Because of the differences between Java source code and .class files, the syntax for specifying code locations is different for .class files and source code. For .class files we use a syntax called “bytecode offsets”. For source code we use a different syntax called “source code indexes”. These are both described below.

If you wish to be able to insert a given code annotation in both a .class file and a source code file, the annotation file must redundantly specify the annotation’s bytecode offset and source code index. This can be done in a single .jaif file or two separate .jaif files. It is not necessary to include redundant information to insert annotations on signatures in both .class files and source code.

Additionally, a new typecast with annotations (rather than an annotation added to an existing typecast) can be inserted into source code. This uses a third syntax that is described below under “AST paths”. A second way to insert a typecast is by specifying just an annotation, not a full typecast (insert-annotation instead of insert-typecast). In this case, the source annotation insertion tool generates a full typecast if Java syntax requires one.

2.3.1  Bytecode offsets

For locations in bytecode, the annotation file uses offsets into the bytecode array of the class file to indicate the specific expression to which the annotation refers. Because different compilation strategies yield different .class files, a tool that maps such annotations from an annotation file into source code must have access to the specific .class file that was used to generate the annotation file. The javap -v command is an effective technique to discover bytecode offsets. Non-expression annotations such as those on methods, fields, classes, etc., do not use a bytecode offset.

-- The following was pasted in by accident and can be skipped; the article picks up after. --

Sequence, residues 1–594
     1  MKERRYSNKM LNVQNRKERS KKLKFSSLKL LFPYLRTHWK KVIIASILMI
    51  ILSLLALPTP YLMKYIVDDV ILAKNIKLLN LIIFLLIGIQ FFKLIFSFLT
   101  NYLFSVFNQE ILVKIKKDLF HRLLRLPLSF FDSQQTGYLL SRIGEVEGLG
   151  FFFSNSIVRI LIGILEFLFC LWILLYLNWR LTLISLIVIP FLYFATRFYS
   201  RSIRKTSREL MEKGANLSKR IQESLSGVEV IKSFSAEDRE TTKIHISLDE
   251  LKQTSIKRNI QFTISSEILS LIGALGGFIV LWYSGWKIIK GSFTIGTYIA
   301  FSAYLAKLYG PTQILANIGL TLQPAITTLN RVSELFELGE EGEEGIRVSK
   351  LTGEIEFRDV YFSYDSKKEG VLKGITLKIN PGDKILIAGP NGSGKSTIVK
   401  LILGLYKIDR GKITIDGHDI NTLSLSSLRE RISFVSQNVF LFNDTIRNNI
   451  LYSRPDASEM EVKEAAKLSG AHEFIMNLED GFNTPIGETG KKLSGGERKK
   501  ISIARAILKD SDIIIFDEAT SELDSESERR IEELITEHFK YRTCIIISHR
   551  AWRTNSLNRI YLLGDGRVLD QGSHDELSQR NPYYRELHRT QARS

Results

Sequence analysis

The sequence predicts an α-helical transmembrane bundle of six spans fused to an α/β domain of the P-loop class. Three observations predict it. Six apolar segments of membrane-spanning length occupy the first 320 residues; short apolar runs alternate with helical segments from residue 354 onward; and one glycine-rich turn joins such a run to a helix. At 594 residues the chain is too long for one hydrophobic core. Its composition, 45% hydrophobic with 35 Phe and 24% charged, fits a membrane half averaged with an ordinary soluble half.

2.3.2  Source code indexes

For locations in source code, the annotation file indicates the kind of expression, plus a zero-based index to indicate which occurrence of that kind of expression. For example,

public void method() {
    Object o1 = new @A String();
    String s = (@B String) o1;
    Object o2 = new @C Integer(0);
    Integer i = (@D Integer) o2;

@A is on new, index 0. @B is on typecast, index 0. @C is on new, index 1. @D is on typecast, index 1.

Source code indexes only include occurrences in the class that exactly matches the name of the enclosing class-definition rule. Specifically, occurrences in nested classes are not included. Use a new class-definition rule with the name of the nested class for source code insertions in a nested class.

2.3.3  Code locations grammar

For each kind of expression, the grammar contains a separate location rule. This location rule contains the bytecode offset syntax followed by the source code index syntax.

The grammar uses “#” for bytecode offsets and “*” for source code indexes.

variable-location ::=
    # Bytecode offset: the integers are respectively the index, start, and length
    # fields of the annotations on this variable [Ern13].
    # Source code index: the name is the identifier of the local variable.
    # The integer is the optional zero-based index of the intended local
    # variable within all local variables with the given name.
    # The default value for the index is zero.
    | (name [“*integer])
variable-definition ::=
    # The annotations on the “local” line are on the variable declaration,
    # not the type of the variable.
    “localvariable-location:decl-annotation* “\n
typecast-location ::=
    # Bytecode offset: the first integer is the offset field and the optional
    # second integer is the type index of an intersection type [Ern13].
    # The type index defaults to zero if not specified.
    (“#integer [ “,integer ])
    # Source code index: the first integer is the zero-based index of the typecast